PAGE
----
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Editorials Six rules for managing our era’s oversupply of non-stop news, high-decibel outrage

Having trouble absorbing the firehose of news aimed at your head every day? Confused by so many competing claims on the truth? Upset at the decline in civility in society?

Take a number and get in line. We’re right there with you.

Six days a week, whether you want us to or not, we publish opinions about the nation’s ills, and offer modest prescriptions for remedying them. It’s a privilege, but at times, it’s also somewhat overwhelming to sort through all the news and views out there and try to reach at a conclusion that merits a public airing.

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More news is better than less news, of course. But arriving at an opinion about it all can be difficult. Having completed the requisite 10,000 hours to qualify as expert tradespeople, we can share with readers a few helpful rules for managing the 21st-century news glut, and our era’s oversupply of non-stop, high-decibel outrage.

Rule No. 1: You don’t need to have an opinion about everything. Shocking but true. People will want you to, of course. Our polarized world puts tremendous pressure on us to take a side, and then to dig in. There’s an implicit threat of consequences for failing to do so, such as being accused of sympathizing with those people on the other side – the evil and wrong side – simply for failing to back the good and right one with sufficient enthusiasm.

But don’t give in to that. It’s perfectly fair to say, “I don’t know enough to have an opinion on that," or, “I will leave that to others to debate,” or even, “Both sides have some good points.” You might not please everyone, but see Rule No. 2.

Rule No. 2: You can’t please everyone. Get over it.

Rule No. 3: Embrace ambivalence. Ambivalence is often misinterpreted as indifference, or derided as indecision. In fact, the ability to entertain contradictory but animating ideas goes to the heart of what it means to be a mature and civilized human being. It’s also central to preserving political freedom.

The most dangerous person in a democracy is the blind partisan who outsources her opinions to politicians or an ideology, and who sees those who don’t agree as enemies to be righteously chased from town by a torch-wielding mob.

The biggest threat to such black-and-white partisanship is the person who keeps her mind open, is not blindly loyal to any one team and sees people with different opinions not as monsters to be slain but as human beings to be understood, especially when you disagree with them, and they disagree with you.

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Rule No. 4: When you take a stand, be forceful. While the process of reaching a conclusion should involve a lot of “on the one hand” and “on the other,” at some point you have to make a choice.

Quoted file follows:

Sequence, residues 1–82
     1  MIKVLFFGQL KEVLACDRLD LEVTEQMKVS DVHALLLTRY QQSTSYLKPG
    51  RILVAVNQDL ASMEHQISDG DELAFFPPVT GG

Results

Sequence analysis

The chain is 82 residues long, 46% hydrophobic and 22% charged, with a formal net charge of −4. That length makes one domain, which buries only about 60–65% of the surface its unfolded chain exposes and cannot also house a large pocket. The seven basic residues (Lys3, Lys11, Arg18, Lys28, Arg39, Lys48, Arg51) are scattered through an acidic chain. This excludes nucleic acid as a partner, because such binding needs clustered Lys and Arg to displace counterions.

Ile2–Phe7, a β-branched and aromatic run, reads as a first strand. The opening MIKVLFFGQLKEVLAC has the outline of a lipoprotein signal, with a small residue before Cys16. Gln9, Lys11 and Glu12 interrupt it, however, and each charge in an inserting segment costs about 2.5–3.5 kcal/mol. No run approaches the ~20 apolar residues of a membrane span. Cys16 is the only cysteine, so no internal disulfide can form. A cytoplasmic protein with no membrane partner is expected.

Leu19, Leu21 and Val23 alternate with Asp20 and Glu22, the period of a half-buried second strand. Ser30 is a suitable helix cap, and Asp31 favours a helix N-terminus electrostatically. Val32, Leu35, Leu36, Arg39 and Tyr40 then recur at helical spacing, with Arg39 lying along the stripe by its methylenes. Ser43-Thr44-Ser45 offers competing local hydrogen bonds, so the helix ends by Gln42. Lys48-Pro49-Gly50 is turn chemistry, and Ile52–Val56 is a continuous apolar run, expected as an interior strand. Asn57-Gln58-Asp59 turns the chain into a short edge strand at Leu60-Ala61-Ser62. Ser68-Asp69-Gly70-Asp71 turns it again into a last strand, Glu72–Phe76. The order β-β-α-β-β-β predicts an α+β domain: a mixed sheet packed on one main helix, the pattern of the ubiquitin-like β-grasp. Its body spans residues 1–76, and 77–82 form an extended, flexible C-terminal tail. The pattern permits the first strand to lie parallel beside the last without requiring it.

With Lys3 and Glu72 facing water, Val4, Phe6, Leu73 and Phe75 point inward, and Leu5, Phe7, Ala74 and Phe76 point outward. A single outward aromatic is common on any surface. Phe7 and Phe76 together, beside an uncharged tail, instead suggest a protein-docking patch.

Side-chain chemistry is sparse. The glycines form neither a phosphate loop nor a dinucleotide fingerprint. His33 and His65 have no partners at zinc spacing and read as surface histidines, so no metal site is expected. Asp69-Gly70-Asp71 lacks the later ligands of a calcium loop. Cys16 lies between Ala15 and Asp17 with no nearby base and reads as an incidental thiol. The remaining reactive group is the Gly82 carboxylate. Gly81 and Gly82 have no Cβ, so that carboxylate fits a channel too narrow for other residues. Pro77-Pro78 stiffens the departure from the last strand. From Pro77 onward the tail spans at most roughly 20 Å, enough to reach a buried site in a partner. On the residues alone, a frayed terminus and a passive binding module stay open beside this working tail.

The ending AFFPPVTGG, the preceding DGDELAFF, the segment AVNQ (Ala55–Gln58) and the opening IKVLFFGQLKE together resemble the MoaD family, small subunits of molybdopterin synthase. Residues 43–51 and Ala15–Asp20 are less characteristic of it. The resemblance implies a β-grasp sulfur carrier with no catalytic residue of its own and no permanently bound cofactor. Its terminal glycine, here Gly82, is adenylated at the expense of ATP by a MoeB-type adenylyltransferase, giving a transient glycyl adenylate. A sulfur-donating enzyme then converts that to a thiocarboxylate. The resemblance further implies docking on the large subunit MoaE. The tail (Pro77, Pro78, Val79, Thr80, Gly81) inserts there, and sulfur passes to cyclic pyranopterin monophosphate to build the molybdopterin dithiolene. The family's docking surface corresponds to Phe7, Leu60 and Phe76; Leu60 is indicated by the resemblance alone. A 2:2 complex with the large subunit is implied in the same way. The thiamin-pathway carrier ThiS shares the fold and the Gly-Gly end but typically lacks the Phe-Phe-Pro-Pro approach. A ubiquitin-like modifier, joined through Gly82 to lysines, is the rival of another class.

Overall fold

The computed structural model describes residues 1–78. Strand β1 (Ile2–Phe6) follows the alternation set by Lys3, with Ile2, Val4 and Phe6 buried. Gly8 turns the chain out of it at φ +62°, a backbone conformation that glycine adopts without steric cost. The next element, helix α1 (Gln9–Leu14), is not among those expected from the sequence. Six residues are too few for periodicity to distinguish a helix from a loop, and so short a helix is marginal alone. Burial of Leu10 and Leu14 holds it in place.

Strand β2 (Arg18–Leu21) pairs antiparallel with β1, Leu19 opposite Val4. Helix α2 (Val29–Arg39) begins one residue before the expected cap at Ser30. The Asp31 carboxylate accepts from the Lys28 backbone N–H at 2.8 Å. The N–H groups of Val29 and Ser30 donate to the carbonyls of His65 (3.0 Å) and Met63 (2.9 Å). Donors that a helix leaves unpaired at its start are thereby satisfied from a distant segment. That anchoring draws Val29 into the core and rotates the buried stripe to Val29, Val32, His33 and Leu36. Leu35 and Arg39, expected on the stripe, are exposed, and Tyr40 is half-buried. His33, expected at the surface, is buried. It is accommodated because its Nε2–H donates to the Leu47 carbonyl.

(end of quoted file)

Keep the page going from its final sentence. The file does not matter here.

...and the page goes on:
In a criminal trial, the decision to convict an accused person can only be taken if the evidence is persuasive beyond a reasonable doubt – in other words, if the evidence is irrefutable and the conclusion is certain. But in politics, business and life, most decisions must be taken under conditions that cannot meet that exacting standard. Reasonable doubts are reasonable. Only the extreme partisan is without them.

Rule No. 5: Set your bottom line. How far are you willing to let another person go before you feel obliged to offer a counteropinion? Not every take you hear deserves the energy required to argue against it. Sometimes, you have to just let people say things you don’t agree with. You might learn something.

And remember, just as there is no obligation to have an opinion on every subject, there is also no rule that says you must express your opinion every time the chance presents itself.

But when someone or something does cross a line, sometimes you can’t hold back. It may be as lofty as a matter of justice, or a simple as a question of common sense, but there comes a moment when your opinion will matter.

Which brings us to Rule No. 6: Opinions are not the same thing as empathy. Empathy is what makes it possible for people who disagree to live together in peace and harmony – to agreeably disagree. And in a multicultural, multireligious, multiracial, multiparty democracy, people are going to disagree about all sorts of things, all the time.

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The world has enough opinions. What it really needs is more empathy. Without it, life isn’t possible.

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